I’ve always considered myself to be a very active person. I started to figure skate at the age of four, which I did competitively and continued to do my whole way through college. And while in college I decided to stop competing, but I still practiced 3-4 days a week and went to the gym while I could. So my whole life I haven't really had to worry about staying fit because I was skating so much and eating a relatively healthy diet.
But now that I’m a working adult, it's so much harder to get exercise in. Sometimes after a day of work I really just want to make myself some dinner and then not get up from the couch until I have to go to bed. And I am not a morning person at all, so there is no way that I would be able to wake up early in the morning to go before work. And I haven't been skating in probably about six months, and it's something that I really miss being able to do all the time.
So because of all of this, I put myself to the test and did 30 days of fitness, doing at least 30 minutes of exercise 30 days in a row. I did everything you can image: working with a personal trainer, boxing classes, a 30 minute HIIT workout, cycling classes, running a few miles, using weights, etc. It started out pretty easy. I was in good enough shape when I started that even though I was working out everyday I wasn't getting too sore, even after a really intense workout.
And it stayed relatively easy throughout the 30 days. I would say that the hardest part was actually towards the end. After working out so much my body started to get tired. All I wanted to do was sit on the couch and do nothing, but I persevered and made sure I got my workout in. Of course I was worried about overuse injuries, but I made sure that I didn't work out the same part of my body two days in a row, or if I did, I made sure that one of the days was much lower in intensity. The best feeling though was that towards the end, even though I was getting tired, I could tell that my body was getting stronger. I could do exercises with a lot less effort and I could increase the amount of weight I was using.
Right after I finished the challenge, it felt weird to not work out every day. I actually found myself trying to plan out when I could work out every day, even though I didn't need to. And so since doing this challenge, I definitely have made working out more of a priority in my life. I find that working out makes me feel physically better and makes me feel healthy (mentally). I've come to realize that I like working out and that I like that challenge that it poses. In the two weeks since i've finished the challenge, i've worked out 4-5 times each week. This is something I plan on continuing to do long into the future.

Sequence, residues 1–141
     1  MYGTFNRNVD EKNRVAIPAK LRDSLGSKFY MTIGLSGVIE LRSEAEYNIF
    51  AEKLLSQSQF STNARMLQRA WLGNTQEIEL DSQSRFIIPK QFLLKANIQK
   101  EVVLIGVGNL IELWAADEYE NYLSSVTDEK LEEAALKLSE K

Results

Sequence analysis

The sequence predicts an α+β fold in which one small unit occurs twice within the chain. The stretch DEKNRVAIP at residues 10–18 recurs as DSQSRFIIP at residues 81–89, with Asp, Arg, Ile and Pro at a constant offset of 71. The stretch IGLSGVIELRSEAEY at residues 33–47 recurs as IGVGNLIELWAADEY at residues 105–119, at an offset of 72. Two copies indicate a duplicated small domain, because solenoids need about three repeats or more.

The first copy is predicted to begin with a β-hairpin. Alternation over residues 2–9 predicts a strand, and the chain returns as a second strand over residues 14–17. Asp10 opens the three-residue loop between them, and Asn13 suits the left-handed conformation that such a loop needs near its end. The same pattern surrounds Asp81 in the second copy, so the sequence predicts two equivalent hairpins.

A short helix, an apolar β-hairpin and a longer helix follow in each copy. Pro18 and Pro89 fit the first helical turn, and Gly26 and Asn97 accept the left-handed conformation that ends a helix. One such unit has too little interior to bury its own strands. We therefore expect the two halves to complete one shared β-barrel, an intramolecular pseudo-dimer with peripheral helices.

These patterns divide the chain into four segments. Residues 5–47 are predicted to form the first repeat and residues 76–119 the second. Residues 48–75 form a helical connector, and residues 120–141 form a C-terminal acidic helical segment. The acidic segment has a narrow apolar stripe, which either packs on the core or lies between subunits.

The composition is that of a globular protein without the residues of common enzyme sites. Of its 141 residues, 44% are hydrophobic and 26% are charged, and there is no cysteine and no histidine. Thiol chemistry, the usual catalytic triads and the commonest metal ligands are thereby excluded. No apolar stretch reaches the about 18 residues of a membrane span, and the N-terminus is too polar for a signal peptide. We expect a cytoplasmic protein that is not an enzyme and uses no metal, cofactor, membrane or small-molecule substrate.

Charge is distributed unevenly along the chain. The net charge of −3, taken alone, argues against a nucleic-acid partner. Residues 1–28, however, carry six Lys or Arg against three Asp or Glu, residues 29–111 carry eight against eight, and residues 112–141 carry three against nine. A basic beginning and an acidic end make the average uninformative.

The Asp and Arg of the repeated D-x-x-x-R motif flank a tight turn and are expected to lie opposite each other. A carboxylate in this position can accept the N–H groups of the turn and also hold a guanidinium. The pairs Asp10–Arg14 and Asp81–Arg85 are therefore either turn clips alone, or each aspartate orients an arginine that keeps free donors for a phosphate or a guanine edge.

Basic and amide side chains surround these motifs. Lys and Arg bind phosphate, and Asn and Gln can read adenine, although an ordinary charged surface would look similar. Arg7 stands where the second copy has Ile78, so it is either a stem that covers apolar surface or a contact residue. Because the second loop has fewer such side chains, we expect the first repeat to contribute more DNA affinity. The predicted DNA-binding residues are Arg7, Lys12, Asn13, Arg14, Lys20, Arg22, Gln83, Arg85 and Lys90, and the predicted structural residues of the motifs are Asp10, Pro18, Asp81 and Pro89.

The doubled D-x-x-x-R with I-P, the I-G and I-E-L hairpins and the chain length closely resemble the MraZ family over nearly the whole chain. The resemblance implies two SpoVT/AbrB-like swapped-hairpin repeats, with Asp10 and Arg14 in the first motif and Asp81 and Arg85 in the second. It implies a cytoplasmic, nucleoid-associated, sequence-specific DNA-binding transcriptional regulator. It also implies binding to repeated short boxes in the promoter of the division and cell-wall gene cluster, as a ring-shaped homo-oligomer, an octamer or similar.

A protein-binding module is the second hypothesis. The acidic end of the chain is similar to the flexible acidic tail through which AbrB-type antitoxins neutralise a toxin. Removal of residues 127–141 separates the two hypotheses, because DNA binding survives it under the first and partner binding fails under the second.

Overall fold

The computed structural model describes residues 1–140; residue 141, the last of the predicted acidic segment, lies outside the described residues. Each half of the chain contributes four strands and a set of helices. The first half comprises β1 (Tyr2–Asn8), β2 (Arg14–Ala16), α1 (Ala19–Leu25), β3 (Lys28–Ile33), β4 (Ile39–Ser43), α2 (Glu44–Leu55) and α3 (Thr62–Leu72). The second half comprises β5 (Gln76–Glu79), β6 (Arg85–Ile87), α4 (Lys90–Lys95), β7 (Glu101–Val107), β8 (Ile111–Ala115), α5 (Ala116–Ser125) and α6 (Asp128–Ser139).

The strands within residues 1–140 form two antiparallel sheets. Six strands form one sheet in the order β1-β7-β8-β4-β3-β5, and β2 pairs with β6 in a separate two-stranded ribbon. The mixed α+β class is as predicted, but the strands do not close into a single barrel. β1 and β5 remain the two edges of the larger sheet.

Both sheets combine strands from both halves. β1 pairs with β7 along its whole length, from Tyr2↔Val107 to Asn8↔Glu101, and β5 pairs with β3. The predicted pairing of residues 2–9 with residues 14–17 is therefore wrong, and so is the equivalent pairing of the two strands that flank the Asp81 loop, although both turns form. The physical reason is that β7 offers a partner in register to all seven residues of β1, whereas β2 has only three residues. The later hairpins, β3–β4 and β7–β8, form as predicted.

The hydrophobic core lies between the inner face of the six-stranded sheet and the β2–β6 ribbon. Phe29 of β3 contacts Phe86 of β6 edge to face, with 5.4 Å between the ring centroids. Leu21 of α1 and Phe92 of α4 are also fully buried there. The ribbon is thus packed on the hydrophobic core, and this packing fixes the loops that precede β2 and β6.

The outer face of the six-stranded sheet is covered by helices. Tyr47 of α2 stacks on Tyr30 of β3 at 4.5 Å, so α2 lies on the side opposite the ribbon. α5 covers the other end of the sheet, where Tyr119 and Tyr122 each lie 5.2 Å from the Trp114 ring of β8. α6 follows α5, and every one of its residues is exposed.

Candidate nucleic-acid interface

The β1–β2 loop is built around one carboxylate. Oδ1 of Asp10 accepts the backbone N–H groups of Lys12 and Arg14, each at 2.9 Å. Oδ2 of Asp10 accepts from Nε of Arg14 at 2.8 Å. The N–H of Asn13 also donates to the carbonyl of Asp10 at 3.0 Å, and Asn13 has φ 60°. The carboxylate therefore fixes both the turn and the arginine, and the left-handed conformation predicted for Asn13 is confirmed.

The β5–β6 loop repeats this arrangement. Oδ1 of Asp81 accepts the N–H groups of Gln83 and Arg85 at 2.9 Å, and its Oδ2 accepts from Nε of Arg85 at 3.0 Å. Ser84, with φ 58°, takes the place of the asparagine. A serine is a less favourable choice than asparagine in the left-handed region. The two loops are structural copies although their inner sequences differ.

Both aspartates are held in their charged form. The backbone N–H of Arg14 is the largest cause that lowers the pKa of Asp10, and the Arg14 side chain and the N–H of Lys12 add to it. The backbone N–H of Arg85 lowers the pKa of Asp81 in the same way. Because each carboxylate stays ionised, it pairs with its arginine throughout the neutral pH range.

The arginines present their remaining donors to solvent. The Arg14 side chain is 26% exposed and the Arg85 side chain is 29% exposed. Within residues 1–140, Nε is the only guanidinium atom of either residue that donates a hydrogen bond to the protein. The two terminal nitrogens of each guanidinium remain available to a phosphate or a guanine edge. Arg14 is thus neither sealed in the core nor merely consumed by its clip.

So the last thing that I want to share with you all about my experience are a few of the things that I learned about myself from doing this challenge. And I hope after reading them that some of you might try this 30 day challenge yourself, or come up with your own.
1. Be open to new things - So I did do a few personal training sessions during my challenge. There were definitely a few exercises that I did not think I was going to like at all, and now I have implemented them into my own workout routines (hey there box jump burpees). I also had never done a cycling class before, and I decided to try one, and discovered I love it! Be open to trying new classes or trying out exercises that friends/trainers suggest--you might actually like them.
2. How to push myself -So it is important to know your limits, especially to make sure that you don't hurt yourself by working out. But sometimes your limits can actually end up limiting your potential. That's why it was so beneficial to work out with a personal trainer and even just a workout buddy. They push you to keep going even when you want to give up, and then you can realize how much potential you really have. So now I go by the rule of trying to do just 3 more reps or holding something for 5 more seconds than I think I can do, and I usually end up being able to do them.
3. Workouts are 50% mental - This goes off of my last point. We limit ourselves so much by thinking that we can't do something. And this hits so true to me when I work out. If i've never tried something and I watch someone else do it and I think it looks hard, I automatically think I can't do it, even if the exercise isn't actually that hard. But this point also applies when you're actually working out. So many people stop when they start to feel tired. It's just as exhausting mentally as it is physically to push yourself to keep going even though you are tired. That's the mental part. To keep yourself motivated to keep pushing yourself even though you feel like you're gonna die (or you can't feel your legs at all).
4. Goals are important - Growing up, with skating I always had goals. That was something that was not only important to me, but it was also important to my coach that all of her students had their goals written down. This is something that has stuck with me throughout life. I made a goal to workout for 30 days in a row, and I accomplished that goal. And now i've created other goals. I never really ran before this challenge, but now I have a goal to be able to make it to a certain number of blocks before having to stop. And eventually my goal will be to run a 5 or 10k. Goals are important because even you don't reach them, you can still make progress towards them. And progress is all we really need.
So I hope you guys enjoyed reading more about my challenge and what I learned! If any of you decided to do the 30-day fitness challenge or start your own challenge tell me all about it! I love hearing all about people's journeys, whether that's a fitness journey, mental journey, emotional journey, or even a cross-country journey.
Keep on keeping on.